The current hullabaloo over tax cuts, spending cuts, entitlement programs, and the debt ceiling has yielded much fodder for policy-minded columnists, practically establishing a job creation program for budget-following wonks. Recently, there have been a rash of articles from this set advancing the essential point that raising the eligibility age for Medicare, a proposal that might be on the table (that is, if there is a table), would be awful policy because doing so would remove healthier seniors from the Medicare pool and place this older group into the non-Medicare pool and boost costs there. (Health care costs would presumably go up overall—and particularly for private employers who would have to carry these 65- and 66-year-olds on their policies.) Has this spate of policy op-edding influenced the negotiating positions? We don't know. The talks are all hush-hush. And this week, another policymeister, in one of the most consequential columns of the past fortnight, added another significant contention to the discourse: There is no fiscal crisis.

Bruce Bartlett, who was an economics official in the administrations of Presidents Ronald Reagan and George H.W. Bush, is a contributor to the New York Times' Economix blog, and in an important post a few days ago he delved into the Government Accountability Office's new estimates of the federal government’s long-term budget outlook. The bottom line: "The idea that we are facing a crisis is complete nonsense." Bartlett, by the way, considers himself a conservative, a reality-based conservative. He points out, per the GAO report:

[S]pending is not out of control. Entitlement programs like Social Security and Medicare are rising gently as the baby-boom generation retires. All other spending, including that for the military and domestic discretionary programs, falls—with the notable exception of interest on the debt. Interest rises sharply as the deficit rises, principally because the G.A.O. assumes that revenue will not be permitted to rise above its historical average—as Republicans continually insist.

In other words, the inability to raise revenue to diminish deficits—and tackle rising interest payments—is the major problem.

Here it is in chart form, courtesy of the GAO:

Note the explosive growth in net interest. Using these numbers, Bartlett writes that the GOP's demand that Social Security and Medicare be cut immediately—say, by raising the age of eligibility for Medicare and changing the inflation adjustment formula for Social Security—is not in sync with the actual data:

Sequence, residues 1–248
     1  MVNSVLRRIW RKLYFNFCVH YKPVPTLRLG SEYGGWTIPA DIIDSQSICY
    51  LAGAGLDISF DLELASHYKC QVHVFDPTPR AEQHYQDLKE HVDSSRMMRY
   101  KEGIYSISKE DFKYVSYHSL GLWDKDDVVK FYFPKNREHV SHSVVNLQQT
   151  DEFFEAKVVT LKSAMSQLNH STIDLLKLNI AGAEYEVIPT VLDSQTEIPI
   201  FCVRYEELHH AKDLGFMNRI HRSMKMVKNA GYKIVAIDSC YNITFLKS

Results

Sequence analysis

To be sure, some restraint is needed in federal entitlement programs…Spending for Social Security, in particular, is very stable. Relatively modest changes, such as raising the taxable earnings base slightly, would be sufficient to put the program on a sound footing virtually forever.

Bartlett chides Republicans for droning on and on that domestic discretionary spending is responsible for bloated government. But, he points out, "such programs have already been cut sharply by the Budget Control Act of 2011." He adds, "That leaves interest on the debt as the principal driver of long-term spending and deficits." And if the Rs continue to resist raising revenues, he maintains, there will be higher spending for interest on the debt. (The interest line in that chart could even be much greater, if interest rates go up.)

Bartlett advocates letting all the George W. Bush tax cuts expire and all the automatic spending cuts kick in. He acknowledges that this might cause a short-term hit to the economy, but he argues that taming the deficits will lead to medium- and long-term growth. Whether that's the right policy solution or not—it does entail a difficult trade-off—it's at least based on data that reflects the real world.

His post, though, does make one thing clear: President Barack Obama (or anyone else) need not rush into a big deal at this moment. There is no imminent fiscal crisis regarding entitlements. The Republicans are merely hyping the matter to bolster their attempts to extract a ransom for either (a) extending the Bush tax cuts for the bottom 98 percent, or (b) acceding to a hike in the debt ceiling, which will soon reach its latest limit, or both. The sky is not falling. It is not on fire. And the cliff may not be that frightening.